Although pro se pleadings are liberally construed, see Haines v. Kerner, 404 U.S. 519, 520-21 (1972), a complaint, or portion thereof, should be dismissed for failure to state a claim if it fails to set forth “enough facts to state a claim to relief that is plausible on its face.” Bell Atl. Corp. v. Twombly, 550 U.S. 544, 554, 562-563 (2007) (citing Conley v. Gibson, 355 U.S. 41 (1957)); see also Fed. R. Civ. P. 12(b)(6). “[A] plaintiff's obligation to provide the ‘grounds' of his ‘entitlement to relief' requires more than labels and conclusions, and a formulaic recitation of a cause of action's elements will not do. Factual allegations must be enough to raise a right to relief above the speculative level on the assumption that all of the complaint's allegations are true.” Id. (citations omitted). Dismissal is appropriate based either on the lack of cognizable legal theories or the lack of pleading sufficient facts to support cognizable legal theories. Balistreri v. Pacifica Police Dep't, 901 F.2d 696, 699 (9th Cir. 1990).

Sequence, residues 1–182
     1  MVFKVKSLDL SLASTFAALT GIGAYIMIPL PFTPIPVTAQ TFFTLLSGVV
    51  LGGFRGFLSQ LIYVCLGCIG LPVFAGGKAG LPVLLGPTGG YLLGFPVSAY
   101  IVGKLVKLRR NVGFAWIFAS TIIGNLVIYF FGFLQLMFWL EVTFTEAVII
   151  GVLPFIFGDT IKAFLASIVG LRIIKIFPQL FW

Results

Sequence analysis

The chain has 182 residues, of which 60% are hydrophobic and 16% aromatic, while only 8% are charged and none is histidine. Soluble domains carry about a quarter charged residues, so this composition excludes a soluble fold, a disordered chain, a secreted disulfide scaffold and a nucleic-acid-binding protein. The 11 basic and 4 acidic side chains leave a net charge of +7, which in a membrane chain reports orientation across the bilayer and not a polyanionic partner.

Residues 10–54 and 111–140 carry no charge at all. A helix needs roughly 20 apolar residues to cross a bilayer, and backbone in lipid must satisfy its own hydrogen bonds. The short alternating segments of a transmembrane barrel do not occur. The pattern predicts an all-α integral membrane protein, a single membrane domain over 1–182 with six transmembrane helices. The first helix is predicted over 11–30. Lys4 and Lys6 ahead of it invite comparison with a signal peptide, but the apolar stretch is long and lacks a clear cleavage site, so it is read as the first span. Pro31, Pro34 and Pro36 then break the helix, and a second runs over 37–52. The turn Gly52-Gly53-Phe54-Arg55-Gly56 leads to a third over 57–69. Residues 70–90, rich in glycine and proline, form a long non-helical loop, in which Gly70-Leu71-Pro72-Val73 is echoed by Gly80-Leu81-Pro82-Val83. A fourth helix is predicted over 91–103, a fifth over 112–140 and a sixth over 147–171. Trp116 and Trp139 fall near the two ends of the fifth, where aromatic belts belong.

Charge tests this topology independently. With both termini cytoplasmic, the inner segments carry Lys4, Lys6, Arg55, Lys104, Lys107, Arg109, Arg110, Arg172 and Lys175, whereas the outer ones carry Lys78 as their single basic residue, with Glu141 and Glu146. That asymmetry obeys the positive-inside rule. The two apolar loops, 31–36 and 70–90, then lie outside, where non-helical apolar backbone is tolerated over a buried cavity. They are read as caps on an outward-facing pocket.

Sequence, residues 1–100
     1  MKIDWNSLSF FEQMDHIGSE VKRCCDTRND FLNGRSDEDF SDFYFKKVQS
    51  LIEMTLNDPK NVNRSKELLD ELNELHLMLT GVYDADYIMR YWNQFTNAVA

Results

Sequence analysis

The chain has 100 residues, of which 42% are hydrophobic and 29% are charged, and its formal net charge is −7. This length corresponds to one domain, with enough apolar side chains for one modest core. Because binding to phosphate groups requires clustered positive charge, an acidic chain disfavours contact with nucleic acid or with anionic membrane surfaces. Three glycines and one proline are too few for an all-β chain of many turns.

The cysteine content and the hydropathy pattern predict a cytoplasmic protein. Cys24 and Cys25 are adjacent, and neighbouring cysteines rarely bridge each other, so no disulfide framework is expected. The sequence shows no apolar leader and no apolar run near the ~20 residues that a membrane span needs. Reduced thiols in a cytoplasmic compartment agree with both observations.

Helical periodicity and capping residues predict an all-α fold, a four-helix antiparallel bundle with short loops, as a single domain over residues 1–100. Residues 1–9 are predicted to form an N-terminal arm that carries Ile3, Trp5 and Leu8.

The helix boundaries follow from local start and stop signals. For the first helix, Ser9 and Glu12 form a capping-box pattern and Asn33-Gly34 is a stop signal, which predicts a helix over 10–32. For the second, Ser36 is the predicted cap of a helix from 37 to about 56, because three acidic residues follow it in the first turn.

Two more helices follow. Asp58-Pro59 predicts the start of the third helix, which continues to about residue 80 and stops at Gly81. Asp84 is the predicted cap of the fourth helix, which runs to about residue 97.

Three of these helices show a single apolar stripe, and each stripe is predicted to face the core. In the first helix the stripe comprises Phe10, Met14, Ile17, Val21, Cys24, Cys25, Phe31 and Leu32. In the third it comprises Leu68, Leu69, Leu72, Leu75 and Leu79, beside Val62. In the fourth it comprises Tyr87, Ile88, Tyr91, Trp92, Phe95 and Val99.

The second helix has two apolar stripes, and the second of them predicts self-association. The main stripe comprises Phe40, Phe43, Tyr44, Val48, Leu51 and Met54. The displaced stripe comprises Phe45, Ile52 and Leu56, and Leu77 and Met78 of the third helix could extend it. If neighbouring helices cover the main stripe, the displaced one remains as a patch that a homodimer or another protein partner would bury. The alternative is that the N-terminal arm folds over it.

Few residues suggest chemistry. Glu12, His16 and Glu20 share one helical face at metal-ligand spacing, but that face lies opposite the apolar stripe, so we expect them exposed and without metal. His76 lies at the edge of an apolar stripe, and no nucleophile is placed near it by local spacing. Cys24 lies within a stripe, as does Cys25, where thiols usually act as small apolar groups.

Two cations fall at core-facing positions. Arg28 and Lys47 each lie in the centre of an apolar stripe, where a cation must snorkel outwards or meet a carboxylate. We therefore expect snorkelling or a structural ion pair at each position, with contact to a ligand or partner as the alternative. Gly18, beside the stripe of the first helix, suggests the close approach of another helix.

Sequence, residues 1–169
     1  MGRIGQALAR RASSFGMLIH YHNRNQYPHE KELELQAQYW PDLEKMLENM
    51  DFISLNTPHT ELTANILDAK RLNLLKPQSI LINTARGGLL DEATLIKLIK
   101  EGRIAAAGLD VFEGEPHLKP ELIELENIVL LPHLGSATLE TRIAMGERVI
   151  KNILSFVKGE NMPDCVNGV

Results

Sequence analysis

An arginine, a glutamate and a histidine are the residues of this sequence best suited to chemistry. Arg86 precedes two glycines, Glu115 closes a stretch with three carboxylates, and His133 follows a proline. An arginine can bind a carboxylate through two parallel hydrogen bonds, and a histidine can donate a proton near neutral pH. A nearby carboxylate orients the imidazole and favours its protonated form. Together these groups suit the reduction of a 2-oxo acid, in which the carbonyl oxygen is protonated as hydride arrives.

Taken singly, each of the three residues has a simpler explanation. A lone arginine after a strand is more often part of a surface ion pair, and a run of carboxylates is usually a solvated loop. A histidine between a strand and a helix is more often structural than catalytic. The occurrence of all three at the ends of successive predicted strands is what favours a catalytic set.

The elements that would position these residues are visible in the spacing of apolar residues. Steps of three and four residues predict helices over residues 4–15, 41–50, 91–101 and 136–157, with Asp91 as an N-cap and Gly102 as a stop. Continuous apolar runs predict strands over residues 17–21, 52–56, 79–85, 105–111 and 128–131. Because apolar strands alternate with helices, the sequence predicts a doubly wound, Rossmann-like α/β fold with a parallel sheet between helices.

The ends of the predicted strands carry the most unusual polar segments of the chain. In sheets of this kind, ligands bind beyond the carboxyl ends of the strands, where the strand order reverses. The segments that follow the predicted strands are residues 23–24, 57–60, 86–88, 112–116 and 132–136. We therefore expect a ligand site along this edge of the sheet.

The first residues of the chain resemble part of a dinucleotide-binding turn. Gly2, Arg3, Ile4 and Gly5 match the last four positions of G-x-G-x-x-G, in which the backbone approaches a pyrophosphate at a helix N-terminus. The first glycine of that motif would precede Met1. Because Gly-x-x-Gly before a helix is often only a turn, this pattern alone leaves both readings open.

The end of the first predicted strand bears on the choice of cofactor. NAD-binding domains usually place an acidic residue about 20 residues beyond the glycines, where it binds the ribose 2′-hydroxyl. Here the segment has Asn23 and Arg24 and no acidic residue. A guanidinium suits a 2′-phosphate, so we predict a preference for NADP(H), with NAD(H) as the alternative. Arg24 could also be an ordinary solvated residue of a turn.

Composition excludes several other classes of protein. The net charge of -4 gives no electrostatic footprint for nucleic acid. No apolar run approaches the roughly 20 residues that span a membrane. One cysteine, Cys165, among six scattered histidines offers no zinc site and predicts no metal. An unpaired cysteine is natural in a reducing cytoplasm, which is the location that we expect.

In reviewing a complaint under this standard, the court must accept as true the allegations of the complaint in question, Hospital Bldg. Co. v. Rex Hosp. Trustees, 425 U.S. 738, 740 (1976), construe the pleading in the light most favorable to the plaintiff, and resolve all doubts in the plaintiff's favor, Jenkins v. McKeithen, 395 U.S. 411, 421 (1969). A pro se plaintiff must satisfy the pleading requirements of Rule 8(a) of the Federal Rules of Civil Procedure. Rule 8(a)(2) “requires a complaint to include a short and plain statement of the claim showing that the pleader is entitled to relief, in order to give the ...